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Electroencephalograph (EEG) signal processing techniques for motor imagery Brain Computer interface systems

 

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dc.contributor.advisor Cruces Álvarez, Sergio Antonio es
dc.creator Thiyam, Deepa Beeta es
dc.date.accessioned 2019-06-19T09:36:00Z
dc.date.available 2019-06-19T09:36:00Z
dc.date.issued 2018-06-11
dc.identifier.citation Thiyam, D.B. (2018). Electroencephalograph (EEG) signal processing techniques for motor imagery Brain Computer interface systems. (Tesis Doctoral Inédita). Universidad de Sevilla, Sevilla.
dc.identifier.uri https://hdl.handle.net/11441/87521
dc.description.abstract Brain-Computer Interface (BCI) system provides a channel for the brain to control external devices using electrical activities of the brain without using the peripheral nervous system. These BCI systems are being used in various medical applications, for example controlling a wheelchair and neuroprosthesis devices for the disabled, thereby assisting them in activities of daily living. People suffering from Amyotrophic Lateral Sclerosis (ALS), Multiple Sclerosis and completely locked in are unable to perform any body movements because of the damage of the peripheral nervous system, but their cognitive function is still intact. BCIs operate external devices by acquiring brain signals and converting them to control commands to operate external devices. Motor-imagery (MI) based BCI systems, in particular, are based on the sensory-motor rhythms which are generated by the imagination of body limbs. These signals can be decoded as control commands in BCI application. Electroencephalogram (EEG) is commonly used for BCI applications because it is non-invasive. The main challenges of decoding the EEG signal are because it is non-stationary and has a low spatial resolution. The common spatial pattern algorithm is considered to be the most effective technique for discrimination of spatial filter but is easily affected by the presence of outliers. Therefore, a robust algorithm is required for extraction of discriminative features from the motor imagery EEG signals. This thesis mainly aims in developing robust spatial filtering criteria which are effective for classification of MI movements. We have proposed two approaches for the robust classification of MI movements. The first approach is for the classification of multiclass MI movements based on the thinICA (Independent Component Analysis) and mCSP (multiclass Common Spatial Pattern Filter) method. The observed results indicate that these approaches can be a step towards the development of robust feature extraction for MI-based BCI system. The main contribution of the thesis is the second criterion, which is based on Alpha- Beta logarithmic-determinant divergence for the classification of two class MI movements. A detailed study has been done by obtaining a link between the AB log det divergence and CSP criterion. We propose a scaling parameter to enable a similar way for selecting the respective filters like the CSP algorithm. Additionally, the optimization of the gradient of AB log-det divergence for this application was also performed. The Sub-ABLD (Subspace Alpha-Beta Log-Det divergence) algorithm is proposed for the discrimination of two class MI movements. The robustness of this algorithm is tested with both the simulated and real data from BCI competition dataset. Finally, the resulting performances of the proposed algorithms have been favorably compared with other existing algorithms. es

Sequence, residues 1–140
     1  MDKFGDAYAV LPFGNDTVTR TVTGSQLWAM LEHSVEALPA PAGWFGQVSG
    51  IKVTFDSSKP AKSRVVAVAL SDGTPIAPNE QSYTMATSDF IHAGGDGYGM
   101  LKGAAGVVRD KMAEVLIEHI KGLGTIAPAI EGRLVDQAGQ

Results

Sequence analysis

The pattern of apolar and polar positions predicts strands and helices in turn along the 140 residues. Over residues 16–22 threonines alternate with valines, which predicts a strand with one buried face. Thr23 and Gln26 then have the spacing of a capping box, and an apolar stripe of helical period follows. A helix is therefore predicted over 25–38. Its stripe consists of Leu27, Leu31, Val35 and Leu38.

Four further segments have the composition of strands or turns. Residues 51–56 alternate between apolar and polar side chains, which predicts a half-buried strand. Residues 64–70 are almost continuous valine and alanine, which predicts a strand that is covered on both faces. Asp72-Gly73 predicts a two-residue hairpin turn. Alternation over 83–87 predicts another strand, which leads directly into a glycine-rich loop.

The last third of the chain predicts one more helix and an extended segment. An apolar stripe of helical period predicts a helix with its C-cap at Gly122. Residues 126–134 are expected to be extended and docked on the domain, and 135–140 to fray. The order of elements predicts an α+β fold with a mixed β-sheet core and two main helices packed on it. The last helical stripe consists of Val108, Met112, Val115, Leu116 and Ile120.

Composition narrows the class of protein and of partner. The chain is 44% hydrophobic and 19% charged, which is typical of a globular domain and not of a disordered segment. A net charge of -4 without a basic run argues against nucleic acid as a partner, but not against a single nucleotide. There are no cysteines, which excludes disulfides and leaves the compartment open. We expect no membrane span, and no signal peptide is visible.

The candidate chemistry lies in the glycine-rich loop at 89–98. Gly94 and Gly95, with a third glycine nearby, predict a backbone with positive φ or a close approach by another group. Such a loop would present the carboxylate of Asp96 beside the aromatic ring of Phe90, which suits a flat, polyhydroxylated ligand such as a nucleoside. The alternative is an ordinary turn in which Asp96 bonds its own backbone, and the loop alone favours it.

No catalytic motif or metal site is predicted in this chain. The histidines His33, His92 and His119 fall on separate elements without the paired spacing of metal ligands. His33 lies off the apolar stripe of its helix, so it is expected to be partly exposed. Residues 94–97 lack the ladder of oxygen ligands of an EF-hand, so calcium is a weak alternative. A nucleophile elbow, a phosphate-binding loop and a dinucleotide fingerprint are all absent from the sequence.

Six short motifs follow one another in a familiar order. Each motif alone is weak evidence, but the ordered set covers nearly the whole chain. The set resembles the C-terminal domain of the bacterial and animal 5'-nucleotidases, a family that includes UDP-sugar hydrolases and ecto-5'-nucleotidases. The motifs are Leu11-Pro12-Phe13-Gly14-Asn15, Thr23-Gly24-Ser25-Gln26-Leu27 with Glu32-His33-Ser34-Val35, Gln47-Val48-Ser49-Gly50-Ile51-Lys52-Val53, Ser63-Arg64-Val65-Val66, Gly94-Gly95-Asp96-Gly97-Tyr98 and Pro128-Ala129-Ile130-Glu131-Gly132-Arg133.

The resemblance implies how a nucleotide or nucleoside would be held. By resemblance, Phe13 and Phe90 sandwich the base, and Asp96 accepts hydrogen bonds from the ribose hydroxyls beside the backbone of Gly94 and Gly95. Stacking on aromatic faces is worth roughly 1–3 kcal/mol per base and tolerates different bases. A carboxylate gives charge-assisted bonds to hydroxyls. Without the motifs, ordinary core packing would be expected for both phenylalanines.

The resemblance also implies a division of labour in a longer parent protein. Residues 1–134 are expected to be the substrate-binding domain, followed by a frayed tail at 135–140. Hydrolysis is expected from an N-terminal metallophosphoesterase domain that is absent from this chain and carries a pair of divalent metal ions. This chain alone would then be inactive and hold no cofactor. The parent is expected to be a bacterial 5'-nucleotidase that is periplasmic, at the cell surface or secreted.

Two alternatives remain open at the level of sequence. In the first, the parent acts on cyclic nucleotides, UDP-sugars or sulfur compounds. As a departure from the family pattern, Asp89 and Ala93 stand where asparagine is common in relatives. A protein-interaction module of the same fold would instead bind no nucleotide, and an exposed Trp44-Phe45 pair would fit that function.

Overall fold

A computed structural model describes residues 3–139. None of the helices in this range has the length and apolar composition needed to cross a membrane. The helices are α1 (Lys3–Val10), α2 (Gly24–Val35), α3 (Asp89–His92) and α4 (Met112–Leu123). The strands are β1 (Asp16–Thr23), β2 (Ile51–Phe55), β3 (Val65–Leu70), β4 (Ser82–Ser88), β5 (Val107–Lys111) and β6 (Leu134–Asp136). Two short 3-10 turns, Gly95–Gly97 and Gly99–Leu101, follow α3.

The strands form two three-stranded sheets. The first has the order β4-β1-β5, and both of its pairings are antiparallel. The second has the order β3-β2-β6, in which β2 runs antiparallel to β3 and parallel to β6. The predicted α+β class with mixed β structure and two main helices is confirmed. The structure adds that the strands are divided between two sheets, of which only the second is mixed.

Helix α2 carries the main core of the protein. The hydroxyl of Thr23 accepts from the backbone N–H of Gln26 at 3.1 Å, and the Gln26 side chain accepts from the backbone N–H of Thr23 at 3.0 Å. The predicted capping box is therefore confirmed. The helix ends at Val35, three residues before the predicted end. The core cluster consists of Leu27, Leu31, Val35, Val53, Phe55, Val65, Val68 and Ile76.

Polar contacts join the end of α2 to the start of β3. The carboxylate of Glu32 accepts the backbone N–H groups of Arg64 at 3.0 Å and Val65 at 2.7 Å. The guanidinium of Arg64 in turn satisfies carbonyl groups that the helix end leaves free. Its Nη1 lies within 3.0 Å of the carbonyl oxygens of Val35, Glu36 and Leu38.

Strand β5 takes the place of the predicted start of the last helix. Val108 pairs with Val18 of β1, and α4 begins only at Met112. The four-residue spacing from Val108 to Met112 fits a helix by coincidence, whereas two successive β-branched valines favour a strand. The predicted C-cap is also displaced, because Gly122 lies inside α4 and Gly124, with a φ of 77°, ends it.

dc.format application/pdf es
dc.language.iso eng es
dc.rights Attribution-NonCommercial-NoDerivatives 4.0 Internacional *
dc.rights.uri http://creativecommons.org/licenses/by-nc-nd/4.0/ *
dc.title Electroencephalograph (EEG) signal processing techniques for motor imagery Brain Computer interface systems es
dc.type info:eu-repo/semantics/doctoralThesis es
dc.type.version info:eu-repo/semantics/publishedVersion es
dc.rights.accessrights info:eu-repo/semantics/openAccess es
dc.contributor.affiliation Universidad de Sevilla. Departamento de Teoría de la Señal y Comunicaciones es
idus.format.extent 160 p. es
Size: 8.600Mb
Format: PDF

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